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union 7 articles

Group of Target pharmacists form the retailer’s first union

Target pharmacists have finally created the company’s first micro union since the retailer’s inception back in 1902. According to Reuters, the team of Target pharmacists and pharmacy technicians won an initial ballot to unionize. Despite this, Target claimed to be “disappointed” by the union’s successful ballot and will attempt to appeal the National Labor Relations Board (NLRB)’s vote of 7-2. Molly Snyder, Target spokeswoman, told Reuters that the massive retailer is in the midst of selling its pharmacy to CVS Health Corp. “Because of the pending sale of the business, we don’t believe it was appropriate for the NLRB to ... Read More

Final settlements reached in WV mine explosion, criminal charges likely to follow

Alpha Natural Resources, the new owner of West Virginia’s Upper Big Branch Mine, has settled with the remaining families of the miners who were killed in an April 2010 explosion, believed to be the worst mining disaster in 40 years. The 13 families who hadn’t reached an agreement with Alpha or the mine’s previous owner, Massey Energy, accepted settlement offers after more than four days of talks with a mediator, according to the Charleston Gazette. The 16 other families either settled with Massey before the Alpha buyout or reached agreements with the new owner. Details of the latest settlements, including ... Read More

Massey Energy hires PR agency to revamp image after mining disaster

The board of Massey Energy, parent company and owner of Upper Big Branch Mine in West Virginia where 29 miners died in explosion earlier this month, is seeking a public relations boost from a Texas-based firm with political connections. Since the tragic explosion on April 5, Massey’s safety record has come to the public’s attention, revealing a systemic disregard for critical safety measures that could have prevented the disaster had they been followed. The incident has placed Massey Energy and its controversial CEO Don Blankenship under fire from all directions. On the outside, federal regulators, safety advocates, and victims’ families ... Read More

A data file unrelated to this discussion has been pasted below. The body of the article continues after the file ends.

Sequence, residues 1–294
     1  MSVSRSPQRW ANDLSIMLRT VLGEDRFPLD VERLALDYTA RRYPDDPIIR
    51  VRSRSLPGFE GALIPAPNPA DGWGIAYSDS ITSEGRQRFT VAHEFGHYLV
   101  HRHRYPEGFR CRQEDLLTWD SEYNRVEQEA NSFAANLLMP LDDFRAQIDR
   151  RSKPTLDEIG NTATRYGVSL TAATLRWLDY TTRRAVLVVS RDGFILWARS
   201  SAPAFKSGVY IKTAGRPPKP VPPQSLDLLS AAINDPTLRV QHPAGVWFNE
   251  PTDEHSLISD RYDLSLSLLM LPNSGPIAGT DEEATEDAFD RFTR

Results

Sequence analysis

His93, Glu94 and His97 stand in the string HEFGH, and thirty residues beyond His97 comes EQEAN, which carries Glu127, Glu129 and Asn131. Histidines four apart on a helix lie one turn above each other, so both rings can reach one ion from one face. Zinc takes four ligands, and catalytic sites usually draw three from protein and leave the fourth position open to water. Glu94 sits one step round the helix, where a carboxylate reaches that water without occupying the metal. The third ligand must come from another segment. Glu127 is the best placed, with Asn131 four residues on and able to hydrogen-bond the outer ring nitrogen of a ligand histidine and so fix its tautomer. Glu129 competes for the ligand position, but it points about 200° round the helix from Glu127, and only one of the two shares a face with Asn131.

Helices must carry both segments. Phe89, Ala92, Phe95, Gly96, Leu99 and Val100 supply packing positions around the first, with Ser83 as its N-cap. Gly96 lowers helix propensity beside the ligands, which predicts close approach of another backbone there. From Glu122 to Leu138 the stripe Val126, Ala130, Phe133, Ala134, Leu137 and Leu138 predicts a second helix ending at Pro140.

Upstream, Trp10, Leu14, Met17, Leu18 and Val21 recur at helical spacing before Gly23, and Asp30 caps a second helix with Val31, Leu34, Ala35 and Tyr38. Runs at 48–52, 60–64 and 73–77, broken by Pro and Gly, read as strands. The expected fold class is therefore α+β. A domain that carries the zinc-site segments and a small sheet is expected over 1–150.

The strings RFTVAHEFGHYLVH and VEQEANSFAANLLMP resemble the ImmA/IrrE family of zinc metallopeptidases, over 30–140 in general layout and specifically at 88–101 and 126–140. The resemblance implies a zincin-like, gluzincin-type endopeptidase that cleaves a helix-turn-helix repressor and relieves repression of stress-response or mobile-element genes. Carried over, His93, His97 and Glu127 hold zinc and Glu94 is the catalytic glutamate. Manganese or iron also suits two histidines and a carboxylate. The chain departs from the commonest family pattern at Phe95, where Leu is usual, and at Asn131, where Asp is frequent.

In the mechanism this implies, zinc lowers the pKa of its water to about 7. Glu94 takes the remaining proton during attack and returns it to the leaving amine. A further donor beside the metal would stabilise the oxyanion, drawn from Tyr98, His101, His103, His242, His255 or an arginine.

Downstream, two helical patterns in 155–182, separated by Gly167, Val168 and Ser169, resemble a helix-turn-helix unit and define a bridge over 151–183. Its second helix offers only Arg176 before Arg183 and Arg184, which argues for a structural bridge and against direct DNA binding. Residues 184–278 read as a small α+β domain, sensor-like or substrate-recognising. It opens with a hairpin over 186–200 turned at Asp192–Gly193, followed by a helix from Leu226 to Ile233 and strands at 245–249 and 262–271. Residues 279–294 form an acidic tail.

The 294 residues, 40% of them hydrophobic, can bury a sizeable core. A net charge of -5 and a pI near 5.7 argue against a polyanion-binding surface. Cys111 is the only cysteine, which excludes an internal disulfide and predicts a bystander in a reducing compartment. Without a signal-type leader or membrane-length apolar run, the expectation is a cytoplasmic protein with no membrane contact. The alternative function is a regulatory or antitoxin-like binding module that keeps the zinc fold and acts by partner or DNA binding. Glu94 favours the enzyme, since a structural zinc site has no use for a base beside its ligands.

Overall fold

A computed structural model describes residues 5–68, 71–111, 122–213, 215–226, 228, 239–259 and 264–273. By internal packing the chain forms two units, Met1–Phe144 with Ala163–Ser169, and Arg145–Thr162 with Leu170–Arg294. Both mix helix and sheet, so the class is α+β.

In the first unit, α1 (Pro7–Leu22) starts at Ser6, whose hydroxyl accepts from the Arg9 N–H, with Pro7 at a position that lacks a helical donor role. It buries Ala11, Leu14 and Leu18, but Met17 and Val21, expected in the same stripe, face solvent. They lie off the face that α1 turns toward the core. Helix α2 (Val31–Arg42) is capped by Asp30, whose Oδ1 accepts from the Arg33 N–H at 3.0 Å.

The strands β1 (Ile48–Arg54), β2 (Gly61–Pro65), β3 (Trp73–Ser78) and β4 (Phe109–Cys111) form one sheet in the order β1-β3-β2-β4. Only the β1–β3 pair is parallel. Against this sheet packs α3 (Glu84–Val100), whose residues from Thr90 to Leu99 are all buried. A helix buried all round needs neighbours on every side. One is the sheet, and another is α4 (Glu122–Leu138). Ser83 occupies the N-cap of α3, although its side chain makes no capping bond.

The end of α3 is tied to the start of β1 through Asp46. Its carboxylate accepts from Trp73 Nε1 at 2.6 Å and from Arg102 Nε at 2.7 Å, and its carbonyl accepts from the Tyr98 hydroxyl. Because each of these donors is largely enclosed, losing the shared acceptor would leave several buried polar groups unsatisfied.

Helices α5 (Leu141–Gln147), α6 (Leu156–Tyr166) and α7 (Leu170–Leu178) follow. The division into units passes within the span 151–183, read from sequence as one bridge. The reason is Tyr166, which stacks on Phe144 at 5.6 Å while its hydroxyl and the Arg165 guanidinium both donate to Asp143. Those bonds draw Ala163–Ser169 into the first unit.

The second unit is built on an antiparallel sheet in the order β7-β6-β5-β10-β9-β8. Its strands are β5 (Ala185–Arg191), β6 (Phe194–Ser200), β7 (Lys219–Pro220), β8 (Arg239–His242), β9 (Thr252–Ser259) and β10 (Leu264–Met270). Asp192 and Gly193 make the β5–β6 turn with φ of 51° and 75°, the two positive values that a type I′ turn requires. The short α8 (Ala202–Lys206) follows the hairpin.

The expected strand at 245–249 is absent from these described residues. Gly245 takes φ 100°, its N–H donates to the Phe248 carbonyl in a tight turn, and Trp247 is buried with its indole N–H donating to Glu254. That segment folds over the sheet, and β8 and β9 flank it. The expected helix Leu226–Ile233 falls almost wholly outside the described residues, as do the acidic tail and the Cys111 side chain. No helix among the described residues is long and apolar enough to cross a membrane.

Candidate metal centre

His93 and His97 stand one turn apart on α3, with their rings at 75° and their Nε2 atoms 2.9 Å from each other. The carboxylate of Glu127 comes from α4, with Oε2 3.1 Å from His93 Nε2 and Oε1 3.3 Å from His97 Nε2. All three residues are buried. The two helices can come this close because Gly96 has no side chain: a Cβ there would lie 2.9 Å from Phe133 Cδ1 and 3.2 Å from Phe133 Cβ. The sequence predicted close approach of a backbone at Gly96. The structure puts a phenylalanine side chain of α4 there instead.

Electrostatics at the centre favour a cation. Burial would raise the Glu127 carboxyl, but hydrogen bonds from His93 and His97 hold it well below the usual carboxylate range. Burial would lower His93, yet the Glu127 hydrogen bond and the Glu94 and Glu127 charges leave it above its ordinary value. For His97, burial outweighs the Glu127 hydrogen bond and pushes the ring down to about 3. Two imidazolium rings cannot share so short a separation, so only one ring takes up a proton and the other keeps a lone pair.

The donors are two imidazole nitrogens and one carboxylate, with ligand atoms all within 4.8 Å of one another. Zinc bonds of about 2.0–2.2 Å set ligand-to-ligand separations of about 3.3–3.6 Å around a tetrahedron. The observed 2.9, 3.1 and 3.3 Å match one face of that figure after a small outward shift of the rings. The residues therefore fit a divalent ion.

NYC residents prepare as doorman strike looms

New York City is bracing itself for a problem that might make most non-city dwellers think “boo hoo hoo” – a looming strike of some 30,000 of the city’s residential doormen and other service workers. The Local 32BJ of the Service Employees International Union has been in negotiations with New York City’s Realty Advisory Board on Labor Relations, Inc., which represents building owners, for higher wages, but little progress has been made. The SEI union represents not only New York City’s residential doormen but porters, superintendents, elevator operators, and handymen as well. The average union worker earns on average about ... Read More

Poor safety record, bad leadership caused mining deaths

Massey Energy, owner of the Upper Big Branch mine in West Virginia, where at least 25 miners were killed on Monday, has had a long record of serious safety violations, many of which portended Monday’s tragic explosion and subsequent collapse of the mining shaft. Massey is the nation’s fourth largest coal company and the largest coal producer in Central Appalachia, with bituminous coal mines in West Virginia, Kentucky, and Virginia. Despite the size and scope of its operations, however, Massey invests very little in protecting its workers. Between 2005 and Monday, the U.S. Mine Safety and Health Administration (MSHA) cited ... Read More

Window cleaners say employers cut corners, jeopardize safety

Window cleaners took to the streets of Minneapolis, Minnesota, last week after their employers locked them out jobs for raising safety concerns. Members of Service Employees International Union Local 26 have grown more concerned about the condition of the equipment their lives depend upon as they work suspended hundreds of feet above the city streets. The window cleaners say that economic conditions have led their employers to scale back and cut corners, compromising safety. Derek Eggert, a long-time window cleaner, told Workday Minnesota that in recent years he and his fellow workers have had to work with rusty and cracked ... Read More

Plant safety worsens after passage of workers bill of rights

The “Packinghouse Workers Bill of Rights,” passed by the Minnesota Legislature in 2007 as part of an effort to improve safety conditions for workers in the meatpacking industry, has failed to make any improvement, according to a report by Workday Minnesota. A recent survey conducted by the University of Minnesota’s Human Rights Program found that working conditions at meatpacking plants throughout the state actually have grown worse since the bill was passed. Meatpacking is one of the most dangerous occupations in the United States. Workers typically perform repetitive tasks, which often create repetitive-motion injuries such as carpal tunnel and tendonitis. ... Read More